As a rule, people move to the Valley by default rather than by choice. But when Life hands you those lemons, you find some damned good lemonade north of Mulholland. Recently, however, a six year-old complained to me, "I've spent all day in the Valley…," with such ennui that I feared only a trip to Sprinkles Cupcakes would keep me from spiraling into despair. The heat. The lack of character. The chain restaurants. Woe is me. But a trip to the Artisan Cheese Gallery allays both my Valley insecurities and my symptoms of withdrawal from Joan's on Third. Besides a spectacular array of domestic and imported cheeses, the Artisan Cheese Gallery offers a lunch menu of salads and sandwiches that put nearby Panera to shame. And while I stay for the cheese, I come for the peanut butter. The shop's shelves are stocked with an array of gourmet foods and condiments, including the mind-blowing assortment from P.B. Loco. End your meal with a cookie or brownie from Mockingbird Confections. They're baked in muffin tins for maximum gooiness. Surely even a world-weary six year-old can get excited about this.



Posted By:  Beth Deitchman
Photo:  Beth Deitchman

Portrait of a Bookstore
Does every booklover harbor the same dream I do? To quit their lousy job, cash in the 401K and open a bookstore? But not an ordinary bookstore—a cozy shop where the owner has carefully selected every title, eschewing three-foot stacks of Dan Brown novels in favor of the quirky little memoir Terry Gross featured on Fresh Air. And your dream bookshop sells coffee—good coffee, not the burnt stuff the megachain provides at Barnes & Noble—and the most amazing cakes, tall ones with frosting just oozing out from all of the layers. Maybe your bookstore has a garden where you can relax and savor those first chapters over a cappuccino, soothed by the tranquil sound of a fountain. Well, this, my friends, is that bookstore. Portrait of a Bookstore doesn’t have every title you may be looking for but it definitely carries books that will surprise you. In addition to the coffee and desserts, the adjoining Aroma Café serves darned good sandwiches and salads, along with decent breakfast fare.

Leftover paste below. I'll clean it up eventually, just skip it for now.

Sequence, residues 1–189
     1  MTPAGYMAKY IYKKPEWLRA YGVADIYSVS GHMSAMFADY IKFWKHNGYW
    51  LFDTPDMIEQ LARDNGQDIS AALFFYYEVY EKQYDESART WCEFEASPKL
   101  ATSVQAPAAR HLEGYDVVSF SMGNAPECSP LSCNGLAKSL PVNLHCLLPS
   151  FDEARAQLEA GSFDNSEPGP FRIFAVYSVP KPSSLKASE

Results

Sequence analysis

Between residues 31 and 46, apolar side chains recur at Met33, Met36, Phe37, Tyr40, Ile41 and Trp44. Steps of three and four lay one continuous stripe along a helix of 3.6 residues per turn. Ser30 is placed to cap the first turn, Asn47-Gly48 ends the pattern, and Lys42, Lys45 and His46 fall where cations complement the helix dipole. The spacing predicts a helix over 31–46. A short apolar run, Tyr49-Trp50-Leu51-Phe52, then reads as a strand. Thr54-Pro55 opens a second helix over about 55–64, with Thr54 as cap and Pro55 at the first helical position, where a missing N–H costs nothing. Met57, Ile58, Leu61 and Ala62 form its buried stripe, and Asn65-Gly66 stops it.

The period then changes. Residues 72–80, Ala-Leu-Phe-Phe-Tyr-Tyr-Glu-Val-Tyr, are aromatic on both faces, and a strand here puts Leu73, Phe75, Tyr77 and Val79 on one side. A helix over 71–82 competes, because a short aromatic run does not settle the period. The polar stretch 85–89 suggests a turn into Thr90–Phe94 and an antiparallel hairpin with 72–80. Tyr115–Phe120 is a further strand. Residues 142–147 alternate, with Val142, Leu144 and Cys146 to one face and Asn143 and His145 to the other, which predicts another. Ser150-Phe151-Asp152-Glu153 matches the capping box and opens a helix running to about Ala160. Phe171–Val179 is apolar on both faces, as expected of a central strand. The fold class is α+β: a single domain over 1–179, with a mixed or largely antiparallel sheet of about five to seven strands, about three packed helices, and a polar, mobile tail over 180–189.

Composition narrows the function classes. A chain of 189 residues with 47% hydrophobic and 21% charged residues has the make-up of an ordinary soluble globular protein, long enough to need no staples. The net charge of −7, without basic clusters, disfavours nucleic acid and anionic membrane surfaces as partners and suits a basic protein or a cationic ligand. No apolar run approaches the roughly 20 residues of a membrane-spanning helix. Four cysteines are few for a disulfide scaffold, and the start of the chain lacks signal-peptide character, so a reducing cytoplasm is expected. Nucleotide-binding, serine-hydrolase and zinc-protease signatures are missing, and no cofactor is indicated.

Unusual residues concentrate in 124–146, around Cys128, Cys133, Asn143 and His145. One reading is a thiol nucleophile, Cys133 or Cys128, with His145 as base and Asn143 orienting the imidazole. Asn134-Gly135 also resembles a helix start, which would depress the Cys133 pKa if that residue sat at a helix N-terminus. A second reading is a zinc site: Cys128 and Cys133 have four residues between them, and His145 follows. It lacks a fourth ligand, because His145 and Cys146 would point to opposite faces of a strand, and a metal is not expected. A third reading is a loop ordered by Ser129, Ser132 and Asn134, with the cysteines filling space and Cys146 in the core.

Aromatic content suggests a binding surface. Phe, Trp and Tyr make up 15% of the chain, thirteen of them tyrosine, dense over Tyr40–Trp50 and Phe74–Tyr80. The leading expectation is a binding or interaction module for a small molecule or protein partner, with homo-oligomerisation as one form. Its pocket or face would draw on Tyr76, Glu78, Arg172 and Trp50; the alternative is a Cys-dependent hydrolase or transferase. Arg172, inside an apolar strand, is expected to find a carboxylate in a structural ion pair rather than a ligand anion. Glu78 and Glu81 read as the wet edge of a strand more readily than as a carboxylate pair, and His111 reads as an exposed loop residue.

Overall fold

Posted By:  Sandee Curry
Photo:  www.tonyawise.com

Oyster House Saloon
The busy residents of Los Angeles don’t always appreciate all that we have at our fingertips. Even though I lived very close to this Oyster House for several years and had heard high praise, I didn’t make it there until recently on a perfectly blustery Southern California evening, where the delicious clam chowder and crab cakes warmed me right up. Walking into its dark, cozy interior made me nostalgic for the old school restaurants I visited with my family as a child. The excellent food, drinks, and friendly atmosphere (not to mention the exceptional service in this place) make it a great experience. Specializing in seafood, but with pasta and more, the Oyster House is one of those places that is “keeping it real” in Southern California.



Posted By:  Jessica Goeller
Photo:  none

Deaf West Theatre
Since its establishment in 1991, the fi rst professional sign language theater west of the Mississippi has won more than sixty prestigious awards for artistic and technical achievement, and has provided a cultural hub for the more than 1.2 million deaf and hard of hearing residents of Los Angeles. DWT puts on an average of three bilingual (simultaneously signed and voiced) shows per season, including original works, classics, and adaptations. Employing a diverse range of deaf, hard of hearing, and hearing cast and crew, DWT’s activities include an international touring company, stationary productions, and educational outreach in the form of an ASL (American Sign Language) story time, inschool workshops, and a professional summer school for deaf and hard of hearing artists.